By Lucy Williamson
BBC News, Jakarta
Rush-hour trains in Jakarta are sometimes so packed that people are forced to hang in the open doorways - clinging to life by their fingertips.
Guards patrol stations armed with canisters of coloured liquid
Another option is to get up on the roof and crouch below the black electric pylons until you reach your stop.
But starting this month, guards are patrolling the stations, armed with canisters of coloured liquid.
Their aim is to spray-paint anyone riding on top of the trains, to get some discipline back into the railways.
It's not actually paint they are using - it's food colouring, mixed with water.
But nevertheless, it is pretty nasty stuff.
Spray them all over
In the back office at Manggarai station, the team preparing the mixture told me it made victims' eyes water and their skin itch.
I asked them if they aimed for any specific part of their targets. "No," was the answer, "we spray them all over."
It is not pleasant, but this new scheme is something of a last resort for Jakarta's railways.
Twenty-three people were killed in the capital last year - either from electrocution or by falling off the top of the train.
Large warning signs have not worked; neither have the regular security checks.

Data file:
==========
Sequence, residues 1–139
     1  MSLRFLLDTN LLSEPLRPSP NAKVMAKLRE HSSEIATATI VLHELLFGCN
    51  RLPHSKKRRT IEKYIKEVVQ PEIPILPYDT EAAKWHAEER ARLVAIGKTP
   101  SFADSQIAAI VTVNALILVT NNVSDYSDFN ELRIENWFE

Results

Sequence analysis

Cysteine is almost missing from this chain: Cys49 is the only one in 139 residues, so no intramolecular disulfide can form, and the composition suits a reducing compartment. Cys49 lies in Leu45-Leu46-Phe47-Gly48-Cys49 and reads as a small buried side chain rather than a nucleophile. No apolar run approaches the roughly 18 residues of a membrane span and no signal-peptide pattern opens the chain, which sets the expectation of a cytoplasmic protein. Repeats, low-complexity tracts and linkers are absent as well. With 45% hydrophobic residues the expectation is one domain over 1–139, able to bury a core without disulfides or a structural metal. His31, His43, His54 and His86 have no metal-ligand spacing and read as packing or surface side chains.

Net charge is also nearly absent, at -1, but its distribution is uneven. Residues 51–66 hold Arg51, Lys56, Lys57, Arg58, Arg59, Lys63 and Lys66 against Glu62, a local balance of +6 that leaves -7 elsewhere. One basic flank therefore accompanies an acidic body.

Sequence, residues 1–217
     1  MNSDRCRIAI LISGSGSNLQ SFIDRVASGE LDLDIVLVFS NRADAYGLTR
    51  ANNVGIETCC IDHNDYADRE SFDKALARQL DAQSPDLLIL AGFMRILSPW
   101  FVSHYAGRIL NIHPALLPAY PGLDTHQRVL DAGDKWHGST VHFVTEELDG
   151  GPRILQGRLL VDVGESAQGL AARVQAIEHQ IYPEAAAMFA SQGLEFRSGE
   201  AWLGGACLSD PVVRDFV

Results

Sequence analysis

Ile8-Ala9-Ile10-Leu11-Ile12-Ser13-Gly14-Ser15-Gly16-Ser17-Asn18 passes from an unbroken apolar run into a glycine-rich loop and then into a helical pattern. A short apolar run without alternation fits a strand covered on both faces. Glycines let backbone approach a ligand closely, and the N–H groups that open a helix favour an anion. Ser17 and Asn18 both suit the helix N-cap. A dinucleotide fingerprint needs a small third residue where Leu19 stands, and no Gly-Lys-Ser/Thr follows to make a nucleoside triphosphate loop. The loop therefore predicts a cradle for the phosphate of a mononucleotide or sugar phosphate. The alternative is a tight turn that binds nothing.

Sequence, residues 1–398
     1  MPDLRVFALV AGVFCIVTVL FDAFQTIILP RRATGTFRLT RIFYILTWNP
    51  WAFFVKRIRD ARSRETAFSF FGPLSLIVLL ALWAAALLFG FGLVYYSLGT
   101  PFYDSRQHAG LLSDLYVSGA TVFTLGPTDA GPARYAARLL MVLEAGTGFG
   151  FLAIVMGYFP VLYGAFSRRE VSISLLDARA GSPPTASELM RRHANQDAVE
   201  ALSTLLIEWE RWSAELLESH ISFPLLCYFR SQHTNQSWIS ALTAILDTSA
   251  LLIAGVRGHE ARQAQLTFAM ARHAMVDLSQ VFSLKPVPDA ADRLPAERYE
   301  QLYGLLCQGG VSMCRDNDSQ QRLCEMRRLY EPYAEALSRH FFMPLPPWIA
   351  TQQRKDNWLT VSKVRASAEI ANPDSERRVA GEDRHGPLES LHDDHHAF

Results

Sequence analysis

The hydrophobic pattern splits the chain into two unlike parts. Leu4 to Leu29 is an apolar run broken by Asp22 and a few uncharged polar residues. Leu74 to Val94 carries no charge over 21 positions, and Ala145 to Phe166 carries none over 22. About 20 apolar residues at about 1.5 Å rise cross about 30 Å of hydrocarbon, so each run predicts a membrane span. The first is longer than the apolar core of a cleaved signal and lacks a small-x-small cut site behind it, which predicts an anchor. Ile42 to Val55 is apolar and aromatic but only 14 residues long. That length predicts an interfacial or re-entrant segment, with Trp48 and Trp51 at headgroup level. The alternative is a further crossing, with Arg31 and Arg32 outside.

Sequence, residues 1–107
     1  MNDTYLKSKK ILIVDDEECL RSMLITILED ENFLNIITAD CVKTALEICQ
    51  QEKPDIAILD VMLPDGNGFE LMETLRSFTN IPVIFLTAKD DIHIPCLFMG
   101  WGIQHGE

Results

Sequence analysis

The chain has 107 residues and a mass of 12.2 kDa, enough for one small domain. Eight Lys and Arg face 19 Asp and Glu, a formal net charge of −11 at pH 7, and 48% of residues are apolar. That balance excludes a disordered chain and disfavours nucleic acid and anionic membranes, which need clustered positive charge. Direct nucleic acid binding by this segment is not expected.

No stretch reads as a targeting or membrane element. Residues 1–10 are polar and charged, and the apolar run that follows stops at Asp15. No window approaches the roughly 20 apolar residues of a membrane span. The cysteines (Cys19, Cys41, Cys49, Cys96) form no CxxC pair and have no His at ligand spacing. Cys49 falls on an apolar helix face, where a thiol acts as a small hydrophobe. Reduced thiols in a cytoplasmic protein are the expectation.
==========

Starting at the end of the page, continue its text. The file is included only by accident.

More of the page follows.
But after just two weeks of the new scheme, the problem at Manggarai station has been all but wiped out - and that has made team-leader Yulianto very happy.
"I was sick of all those passengers who would start acting up, and shoot their mouths off, and throw things at us" he said. "One time, someone threw a bottle at an officer and cut his face."
No room in the cabin
Commuters often have to squeeze into packed rush-hour trains
But it is not just trouble-makers and fare dodgers who ride on top of the trains.
One of those caught earlier this month was Yanto.
He is a construction worker, and if he is just a couple of minutes late for his early morning shift, he - and his family - lose half a day's pay.
He told me he had climbed on top of the trains because there was no room in the cabin.
"I think it's much safer for us to be up there rather than inside," he explained, "because everyone's pushing each other down there and you can't hold on to anything".
Yanto now has to get a letter from his local government office saying he will not do it again. If he does, he could face a hefty fine, or even a three-month jail term.
Warning signs have not stopped passengers riding on the roofs
Tough conditions, but most commuters fully support the scheme.
"People get electrocuted all the time," one man told me as he clung to the doorway of his train. "It's a good idea," another man said.
So it seems the Jakarta railways have found their solution.
But would it work elsewhere? In the UK for example?
Yulianto thought about this question, and then smiled: "From what I know, passengers in the UK are all very orderly and disciplined.
"They don't need to have this kind of programme there; this only applies to Indonesia."